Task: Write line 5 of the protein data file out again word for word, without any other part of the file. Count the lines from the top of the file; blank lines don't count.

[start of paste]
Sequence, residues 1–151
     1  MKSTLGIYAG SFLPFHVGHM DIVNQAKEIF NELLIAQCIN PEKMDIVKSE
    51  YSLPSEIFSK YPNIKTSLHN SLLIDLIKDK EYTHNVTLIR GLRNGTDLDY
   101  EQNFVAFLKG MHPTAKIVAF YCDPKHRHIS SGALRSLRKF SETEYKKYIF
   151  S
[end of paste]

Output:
   151  S